Despite the lack of financial restrictions public schools face, many private universities continue to ban all forms of cannabis. One such institution is Harvard University.
Harvard University has the single largest endowment in the United States, valued in 2019 at $40 billion dollars. The university notes that while
Massachusetts law permits adults to possess and consume cannabis, federal law prohibits its possession and use including for medical purposes, on Harvard property.
“Thus, even if possession or use of marijuana would be permitted under Massachusetts law, it remains prohibited on campus,” the Harvard College Handbook for Students 2020-2011 edition notes.
I reviewed cannabis/marijuana policies regarding on campus use for a dozen of the largest universities in the United States. Of the top 12 schools I could not find any mention of hemp or CBD. I continued to search through schools until I found one which mentioned hemp at all: Colorado State University (CSU).
Unlike every other institution mentioned here so far, CSU explicitly discusses hemp in its cannabis policy.
CSU begins by noting that while Proposition 64 legalized recreational cannabis for adults over 21, “…the possession and use of marijuana is still prohibited under federal law.” They also remind students that, “As a federally controlled substance, the use and possession of marijuana on campus is prohibited by CSU policy and the CSU Student Conduct Code.”
However the university pivots their direction shortly after with a passage on hemp. They note that, “While hemp and cannabinoids derived from hemp are now legal under federal law, they remain subject to regulation.” CSU continues to add that, “Products derived from legally grown hemp”—required to be grown by a licensed vendor in Colorado—can be legally possessed. However that in itself still poses significant challenges as “…it can be difficult to determine if CBD products have been legally produced.” Another evident challenge for universities is how campus police can recognize the difference between THC and CBD or hemp products.
A quick analysis of universities’ policies regarding CBD/cannabis use reveals anachronistic, fear mongering attitudes reminiscent of Nixon’s War on Drugs. Many of these policies are happy to endlessly extoll the “dangers” of cannabis without so much as linking to a singular piece of evidence or research that verifies their claims. And while dangers are heavily emphasized few, if none of the policies I examined listed the advances in medicinal CBD/cannabis at all.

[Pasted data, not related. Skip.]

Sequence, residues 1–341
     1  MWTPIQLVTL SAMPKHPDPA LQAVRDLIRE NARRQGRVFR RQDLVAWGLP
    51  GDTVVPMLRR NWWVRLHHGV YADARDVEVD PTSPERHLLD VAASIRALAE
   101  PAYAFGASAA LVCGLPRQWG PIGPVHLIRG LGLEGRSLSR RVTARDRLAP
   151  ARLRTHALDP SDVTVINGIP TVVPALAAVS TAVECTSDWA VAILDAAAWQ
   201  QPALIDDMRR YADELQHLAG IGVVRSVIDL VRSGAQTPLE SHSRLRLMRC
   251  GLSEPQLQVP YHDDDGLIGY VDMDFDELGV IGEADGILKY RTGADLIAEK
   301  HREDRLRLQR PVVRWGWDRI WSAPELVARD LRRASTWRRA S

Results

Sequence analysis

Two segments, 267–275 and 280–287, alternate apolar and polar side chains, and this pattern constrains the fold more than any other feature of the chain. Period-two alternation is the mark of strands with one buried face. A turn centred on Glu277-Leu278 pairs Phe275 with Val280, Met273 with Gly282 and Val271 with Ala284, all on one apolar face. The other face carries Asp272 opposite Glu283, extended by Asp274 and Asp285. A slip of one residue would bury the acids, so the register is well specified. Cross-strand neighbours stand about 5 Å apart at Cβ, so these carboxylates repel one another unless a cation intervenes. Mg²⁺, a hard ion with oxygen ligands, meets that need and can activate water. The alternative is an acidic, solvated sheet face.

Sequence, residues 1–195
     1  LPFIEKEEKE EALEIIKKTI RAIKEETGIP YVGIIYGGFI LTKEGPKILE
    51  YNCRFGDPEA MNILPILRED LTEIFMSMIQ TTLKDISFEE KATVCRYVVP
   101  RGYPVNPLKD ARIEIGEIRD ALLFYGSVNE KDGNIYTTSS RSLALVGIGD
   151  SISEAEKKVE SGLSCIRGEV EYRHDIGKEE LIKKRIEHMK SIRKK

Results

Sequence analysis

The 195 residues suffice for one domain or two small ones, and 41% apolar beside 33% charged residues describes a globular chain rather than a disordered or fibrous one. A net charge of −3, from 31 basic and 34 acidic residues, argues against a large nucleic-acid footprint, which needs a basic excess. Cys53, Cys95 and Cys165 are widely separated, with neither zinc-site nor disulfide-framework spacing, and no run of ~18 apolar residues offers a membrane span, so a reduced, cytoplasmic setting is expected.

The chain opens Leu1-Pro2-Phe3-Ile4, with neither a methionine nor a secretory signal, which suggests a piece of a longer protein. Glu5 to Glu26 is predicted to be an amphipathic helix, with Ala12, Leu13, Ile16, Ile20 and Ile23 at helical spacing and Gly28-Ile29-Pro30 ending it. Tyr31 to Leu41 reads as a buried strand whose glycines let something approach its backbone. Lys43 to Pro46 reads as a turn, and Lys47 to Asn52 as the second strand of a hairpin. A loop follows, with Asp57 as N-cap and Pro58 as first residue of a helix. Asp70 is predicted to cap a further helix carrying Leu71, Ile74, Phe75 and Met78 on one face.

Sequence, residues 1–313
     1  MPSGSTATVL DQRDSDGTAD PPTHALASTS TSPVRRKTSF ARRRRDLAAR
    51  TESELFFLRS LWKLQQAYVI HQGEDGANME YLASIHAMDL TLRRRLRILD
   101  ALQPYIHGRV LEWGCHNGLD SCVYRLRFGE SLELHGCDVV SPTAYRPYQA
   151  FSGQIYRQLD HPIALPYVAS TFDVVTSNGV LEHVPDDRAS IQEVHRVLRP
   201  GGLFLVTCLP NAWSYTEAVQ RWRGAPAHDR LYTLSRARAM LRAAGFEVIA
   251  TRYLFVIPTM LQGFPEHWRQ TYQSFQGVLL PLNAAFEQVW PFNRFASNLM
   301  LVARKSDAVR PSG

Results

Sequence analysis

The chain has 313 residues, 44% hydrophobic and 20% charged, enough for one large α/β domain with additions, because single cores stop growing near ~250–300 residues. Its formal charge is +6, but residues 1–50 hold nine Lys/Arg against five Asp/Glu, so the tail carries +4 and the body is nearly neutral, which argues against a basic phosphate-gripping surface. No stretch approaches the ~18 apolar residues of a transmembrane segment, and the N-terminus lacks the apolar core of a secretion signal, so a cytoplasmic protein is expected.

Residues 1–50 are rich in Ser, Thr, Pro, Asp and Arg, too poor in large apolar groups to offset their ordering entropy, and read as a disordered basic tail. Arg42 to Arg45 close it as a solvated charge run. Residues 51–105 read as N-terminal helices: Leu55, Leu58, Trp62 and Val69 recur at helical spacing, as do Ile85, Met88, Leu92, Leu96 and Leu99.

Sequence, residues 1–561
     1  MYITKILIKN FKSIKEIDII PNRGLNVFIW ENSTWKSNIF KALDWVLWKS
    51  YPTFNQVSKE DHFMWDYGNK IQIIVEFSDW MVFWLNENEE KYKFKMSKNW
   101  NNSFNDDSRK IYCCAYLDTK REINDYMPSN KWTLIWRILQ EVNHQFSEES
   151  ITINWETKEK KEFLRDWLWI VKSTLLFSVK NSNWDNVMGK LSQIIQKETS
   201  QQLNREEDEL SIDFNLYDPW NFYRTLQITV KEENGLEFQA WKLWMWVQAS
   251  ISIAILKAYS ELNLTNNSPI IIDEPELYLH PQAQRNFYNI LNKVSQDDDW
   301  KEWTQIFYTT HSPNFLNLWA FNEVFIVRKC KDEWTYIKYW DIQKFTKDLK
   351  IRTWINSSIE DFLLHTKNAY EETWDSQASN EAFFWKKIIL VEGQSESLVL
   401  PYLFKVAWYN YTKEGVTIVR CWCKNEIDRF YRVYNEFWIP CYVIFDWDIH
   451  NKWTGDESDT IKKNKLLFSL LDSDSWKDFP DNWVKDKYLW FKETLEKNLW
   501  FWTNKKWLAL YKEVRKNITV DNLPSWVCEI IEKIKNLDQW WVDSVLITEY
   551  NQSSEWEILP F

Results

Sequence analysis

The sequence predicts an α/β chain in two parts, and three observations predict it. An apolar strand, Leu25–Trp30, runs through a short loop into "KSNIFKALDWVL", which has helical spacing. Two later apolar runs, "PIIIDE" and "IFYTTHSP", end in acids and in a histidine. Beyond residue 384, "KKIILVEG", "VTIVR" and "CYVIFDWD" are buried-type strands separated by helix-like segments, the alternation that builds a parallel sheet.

Students, however, are fighting back. A student charged with felony cannabis possession at Arizona State University in 2012 appealed the decision which was later found to be unconstitutional in state appeals court. The court noted that The Arizona Medical Marijuana Act (AMMA) which legalized recreational cannabis offered, “…no textual support for the notion that otherwise lawful use of marijuana on college or university campuses can be made criminal.” The panel also added that the state could still ban cannabis from campuses but couldn’t make it a crime.
Similar cases have emerged over the past few years since as students continue to fight outdated medical cannabis laws.
It’s still not clear if students using CBD/cannabis—particularly medical patients—qualify for protection under the Americans with Disabilities Act. This type of protection mandates universities to provide reasonable accommodations for students with disabilities.
A 2015 op-ed written by the Director of Illinois Higher Education Center Eric Davidson noted how medical cannabis students, “…may present the greatest challenge for institutions.” Davidson cites the 2012 case of James v. City of Costa Mesa to illuminate these challenges. He explains that both the district court and an appeals court,
“…agreed that unless marijuana was rescheduled as a legal drug, the ADA could not be used as a means of overcoming discrimination. For higher education, this suggests that IHE’s [Institutes of Higher Learning] are not required to provide accommodations for students who have medical marijuana prescriptions.”
However the passing of the 2018 Farm Bill makes hemp fully federally legal, which then begs another tantalizing question: can hemp users and patients be protected under the ADA? Whether that notion will stand up in court only remains to be seen.